In an announcement made by Global Blockchain Technologies Corp., it appears that the firm will be looking into proof-of-concept (PoC). More specifically, bringing it into the cloud services sector.
The PoC is highly appreciated by the likes of Uber and Airbnb, as it promotes the “sharing economy model”. In particular, its uses are believed to bring together those who have excess computing means with those who are lacking it. Ultimately, allowing the two parties involved to make exchanges amongst themselves – eliminating any source of wastage.
As for the foundation of the PoC, Global Blockchain decided it would be appropriate to build it on the Laser network (Laser). The decision to do so was based on the fact that Laser Network works in a similar manner like that of the SWIFT system, which has been known for its increased traceability. In addition to Laser Network’s indirect involvement, Global Blockchain will be working alongside HPE to explore and rate the works of PoC through several trials.
After the test runs have concluded, the results will be used to endorse a project called the Stratus Marketplace, which will be created as an open-source, peer-to-peer storage platform that will rid traditional storage systems. However, this is something that is projected to occur later in the quarter, with no confirmations to date.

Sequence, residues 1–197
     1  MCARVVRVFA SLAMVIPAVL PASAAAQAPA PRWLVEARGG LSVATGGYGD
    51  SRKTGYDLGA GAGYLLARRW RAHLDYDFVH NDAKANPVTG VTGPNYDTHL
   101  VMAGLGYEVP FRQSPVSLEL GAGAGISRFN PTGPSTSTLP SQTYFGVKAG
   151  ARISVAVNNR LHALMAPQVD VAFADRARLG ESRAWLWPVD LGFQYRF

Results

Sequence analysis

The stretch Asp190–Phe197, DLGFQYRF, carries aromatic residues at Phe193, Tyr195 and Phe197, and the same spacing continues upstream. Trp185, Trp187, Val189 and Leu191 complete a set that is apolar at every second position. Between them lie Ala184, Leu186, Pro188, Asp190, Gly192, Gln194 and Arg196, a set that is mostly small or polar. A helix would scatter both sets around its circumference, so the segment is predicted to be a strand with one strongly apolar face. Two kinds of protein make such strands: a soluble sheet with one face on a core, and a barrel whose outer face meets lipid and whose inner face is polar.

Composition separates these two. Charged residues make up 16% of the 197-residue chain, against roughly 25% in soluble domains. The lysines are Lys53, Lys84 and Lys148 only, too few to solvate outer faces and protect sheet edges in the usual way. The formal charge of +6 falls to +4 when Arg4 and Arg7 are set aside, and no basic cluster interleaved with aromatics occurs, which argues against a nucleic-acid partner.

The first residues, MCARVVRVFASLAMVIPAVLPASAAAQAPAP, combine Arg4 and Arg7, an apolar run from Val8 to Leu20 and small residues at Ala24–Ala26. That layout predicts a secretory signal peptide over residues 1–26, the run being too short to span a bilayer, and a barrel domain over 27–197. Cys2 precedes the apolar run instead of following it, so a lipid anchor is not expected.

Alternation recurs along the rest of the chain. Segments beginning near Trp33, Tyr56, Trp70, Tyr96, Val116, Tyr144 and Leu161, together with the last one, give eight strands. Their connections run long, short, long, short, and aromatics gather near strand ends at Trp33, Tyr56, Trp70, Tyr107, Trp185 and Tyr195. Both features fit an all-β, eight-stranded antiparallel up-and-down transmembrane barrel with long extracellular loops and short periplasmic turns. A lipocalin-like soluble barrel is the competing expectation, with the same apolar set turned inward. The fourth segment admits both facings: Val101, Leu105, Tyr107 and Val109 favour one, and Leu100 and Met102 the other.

Bill Philbin, HPE Senior Vice President and CTO, shared his thoughts on the collaboration between HPE and Global Blockchain. He believes that Global Blockchain’s goal of providing PoC will help consumers turn to efficient approaches when dealing with excess resources. In particular, he stated that,
“The goal of the POC network is to demonstrate how a user can monetize under-utilized storage assets by supplying to the network with minimal disruption.”
To add to Philbin’s statement, the CEO and President of Global Blockchain, Shidan Gouran had a few words of his own to share. Gouran explicitly stated that PoC can help expand enterprise cloud services and will bring in more business. He also believes that,
“With computing resources becoming increasingly in-demand… the ability to buy and sell excess capacity will revolutionize enterprise IT.”